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In Job Search, Careful What You Post

Social Media – Twitter, LinkedIn, and Facebook, among other sites – can be a great tool in helping find contacts and employment, but it can also hurt your chances of landing the job if not used properly.

The good news is that social media can help find jobs you did not know about previously. Since approximately 75-80% of positions are not posted, social networking can at least help tap into those positions that are advertised. One can find postings on Twitter from either companies you follow, or from employees that hear of positions within their place of employment. LinkedIn, besides being able to post your resume for potential employers to see, also allows for employees to post available positions within their company. An acquaintance of mine got interviewed, and eventually offered a position, without applying for the job. He simply put his information on LinkedIn, and the company called him for an interview. Social media really works!

One may not think about Facebook as a place to look for employment. Not only is it a place to find contacts, it also has several pages that either list jobs or give information about websites that will help you find positions. In the subject line on Facebook, one can type in various options, such as “Hamilton Ontario Employment” or “Hamilton Ontario Job” for a few options to get you started. There may also be groups you can join on Facebook that are related specifically to your line of work. Join them to help yourself keep updated and to potentially find out about companies that are hiring in your area.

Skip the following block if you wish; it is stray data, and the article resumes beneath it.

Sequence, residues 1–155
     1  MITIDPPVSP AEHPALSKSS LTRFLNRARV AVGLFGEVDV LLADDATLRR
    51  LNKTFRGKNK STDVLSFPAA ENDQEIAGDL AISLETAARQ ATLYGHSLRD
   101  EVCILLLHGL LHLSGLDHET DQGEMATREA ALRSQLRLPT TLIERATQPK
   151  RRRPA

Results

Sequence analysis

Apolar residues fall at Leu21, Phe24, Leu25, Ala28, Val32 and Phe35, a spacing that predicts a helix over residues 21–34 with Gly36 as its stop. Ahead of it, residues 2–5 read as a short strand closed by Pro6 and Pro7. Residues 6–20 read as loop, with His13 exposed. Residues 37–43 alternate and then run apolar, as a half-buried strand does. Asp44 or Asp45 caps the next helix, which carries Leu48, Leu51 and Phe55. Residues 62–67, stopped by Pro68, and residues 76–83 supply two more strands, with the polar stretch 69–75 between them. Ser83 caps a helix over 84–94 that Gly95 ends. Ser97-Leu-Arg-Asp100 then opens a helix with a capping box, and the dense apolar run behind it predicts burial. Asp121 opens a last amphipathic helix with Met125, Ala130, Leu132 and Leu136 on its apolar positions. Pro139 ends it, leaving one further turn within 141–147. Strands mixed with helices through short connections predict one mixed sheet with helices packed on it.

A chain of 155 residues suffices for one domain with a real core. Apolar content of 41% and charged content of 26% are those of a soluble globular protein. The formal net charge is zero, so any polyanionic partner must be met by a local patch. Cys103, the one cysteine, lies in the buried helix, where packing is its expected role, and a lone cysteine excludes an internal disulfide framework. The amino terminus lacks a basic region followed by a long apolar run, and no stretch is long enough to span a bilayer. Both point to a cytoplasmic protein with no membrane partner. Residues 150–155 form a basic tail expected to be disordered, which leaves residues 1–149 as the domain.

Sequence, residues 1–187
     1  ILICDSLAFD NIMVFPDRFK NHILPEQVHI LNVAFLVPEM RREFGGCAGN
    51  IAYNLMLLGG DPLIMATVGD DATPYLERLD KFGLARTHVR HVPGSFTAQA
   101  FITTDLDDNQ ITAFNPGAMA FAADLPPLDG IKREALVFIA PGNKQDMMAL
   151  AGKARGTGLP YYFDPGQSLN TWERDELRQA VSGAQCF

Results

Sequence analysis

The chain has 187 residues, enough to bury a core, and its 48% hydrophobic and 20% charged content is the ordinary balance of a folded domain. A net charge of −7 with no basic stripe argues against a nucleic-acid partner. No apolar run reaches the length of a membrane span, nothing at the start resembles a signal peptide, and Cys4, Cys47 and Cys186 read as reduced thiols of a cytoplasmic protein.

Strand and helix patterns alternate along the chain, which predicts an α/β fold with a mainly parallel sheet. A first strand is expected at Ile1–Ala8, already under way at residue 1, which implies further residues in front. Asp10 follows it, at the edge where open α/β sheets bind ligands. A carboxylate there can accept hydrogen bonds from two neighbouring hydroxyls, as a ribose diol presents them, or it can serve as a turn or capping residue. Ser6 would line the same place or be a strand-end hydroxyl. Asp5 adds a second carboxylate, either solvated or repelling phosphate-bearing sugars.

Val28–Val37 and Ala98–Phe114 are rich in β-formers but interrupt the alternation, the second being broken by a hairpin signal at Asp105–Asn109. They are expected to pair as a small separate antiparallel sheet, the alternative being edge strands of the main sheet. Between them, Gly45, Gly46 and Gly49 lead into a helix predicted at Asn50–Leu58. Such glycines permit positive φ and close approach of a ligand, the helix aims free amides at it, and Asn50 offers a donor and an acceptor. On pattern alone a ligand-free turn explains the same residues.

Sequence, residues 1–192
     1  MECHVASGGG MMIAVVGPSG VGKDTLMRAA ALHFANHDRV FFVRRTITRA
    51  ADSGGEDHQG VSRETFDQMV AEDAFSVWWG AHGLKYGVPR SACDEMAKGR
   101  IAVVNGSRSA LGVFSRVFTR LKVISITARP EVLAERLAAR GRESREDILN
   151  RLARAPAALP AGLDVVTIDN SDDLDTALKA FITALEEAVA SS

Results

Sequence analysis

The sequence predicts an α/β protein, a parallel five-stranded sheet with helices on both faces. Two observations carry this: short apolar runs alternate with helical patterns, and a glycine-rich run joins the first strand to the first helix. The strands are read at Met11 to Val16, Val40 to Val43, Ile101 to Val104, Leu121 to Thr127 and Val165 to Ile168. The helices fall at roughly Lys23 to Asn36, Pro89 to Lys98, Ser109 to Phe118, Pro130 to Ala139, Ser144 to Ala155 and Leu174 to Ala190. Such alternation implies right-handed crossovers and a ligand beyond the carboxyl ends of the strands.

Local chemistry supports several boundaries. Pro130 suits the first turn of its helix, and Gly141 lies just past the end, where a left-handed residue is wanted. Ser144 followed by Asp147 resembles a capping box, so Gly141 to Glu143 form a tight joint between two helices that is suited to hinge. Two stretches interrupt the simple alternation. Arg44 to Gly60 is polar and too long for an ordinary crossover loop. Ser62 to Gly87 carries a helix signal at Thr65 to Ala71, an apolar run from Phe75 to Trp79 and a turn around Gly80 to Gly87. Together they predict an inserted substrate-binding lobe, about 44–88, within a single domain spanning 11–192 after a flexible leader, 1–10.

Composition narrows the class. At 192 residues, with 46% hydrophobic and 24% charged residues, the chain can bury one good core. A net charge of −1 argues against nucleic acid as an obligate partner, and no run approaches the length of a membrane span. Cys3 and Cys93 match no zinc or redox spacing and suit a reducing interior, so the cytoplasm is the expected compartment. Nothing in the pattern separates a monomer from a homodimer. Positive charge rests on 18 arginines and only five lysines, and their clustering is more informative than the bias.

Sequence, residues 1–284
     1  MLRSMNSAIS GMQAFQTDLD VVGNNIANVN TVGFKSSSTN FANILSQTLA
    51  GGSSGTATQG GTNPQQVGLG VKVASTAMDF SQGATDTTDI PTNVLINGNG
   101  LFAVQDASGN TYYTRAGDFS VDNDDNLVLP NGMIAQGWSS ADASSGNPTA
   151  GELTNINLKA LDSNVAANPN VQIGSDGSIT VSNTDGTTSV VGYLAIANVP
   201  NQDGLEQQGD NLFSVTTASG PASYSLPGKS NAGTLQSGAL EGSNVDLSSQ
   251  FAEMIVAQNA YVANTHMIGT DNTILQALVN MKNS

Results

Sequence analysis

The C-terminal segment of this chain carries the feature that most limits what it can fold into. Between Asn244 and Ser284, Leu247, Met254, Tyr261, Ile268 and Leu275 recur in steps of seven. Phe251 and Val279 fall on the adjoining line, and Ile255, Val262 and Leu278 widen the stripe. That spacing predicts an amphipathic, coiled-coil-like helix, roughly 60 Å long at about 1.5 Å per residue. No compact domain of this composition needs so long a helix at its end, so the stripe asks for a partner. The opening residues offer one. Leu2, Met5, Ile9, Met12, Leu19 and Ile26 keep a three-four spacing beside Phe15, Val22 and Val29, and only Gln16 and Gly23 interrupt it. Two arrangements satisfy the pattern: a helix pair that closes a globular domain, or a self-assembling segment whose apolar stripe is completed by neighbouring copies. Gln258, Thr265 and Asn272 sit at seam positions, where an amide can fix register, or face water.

Be careful about what you post on social media. What you say, as well as the pictures you post, can hinder your chances of employment before you get to the interview. Years ago, I was invited for an interview. When I arrived, the interviewer informed me he had already looked at my LinkedIn and Facebook pages, and therefore knew a bit about my personality and interests. An employer may Google your name or look up your social media pages to find out about you before you even get to the interview! Keep in mind that the qualifications on your resume may help get you the interview, but your personality and the proper “fit” for the company are still vitally important. Always assume that potential employers will look for information about you – even if it’s just through a Google search — and form opinions of you. Present yourself in a way that will not prevent offers of employment!

Social media is a great source of information, both for yourself and for employers who are considering you for a position. Make use of what social media has to offer; it is a great tool when used properly.


  1. Recruiters/ HMs / HR mgrs rarely do it, they don’t care what you are on social media but what you are in reality, because 85% of recruiters / HMs / HR mgrs do not use social media.

    Companies would have a page on Linkedin, FB & handle on twitter they may even have a blog even the TAG team would have profile on these medias but not active.

    Here is what happened with me yesterday Dt. Apr 6th 2015

    Yesterday I called a recruiter working for a brand to check if they have a position for me, recruiter gave me her e-mail id asked me to send my updated resume to that reply I sent my Linkedin profile link & she replied saying need updated resume. When I checked her profile it was not complete, she did not bother to take efforts to view my LN profile instead of asking for my word copy.

    Entire TAG team of that company is on LN but none is active. I was actually surprised to see it. They are brand name but use of social media for recruiting is just 15%!!!!

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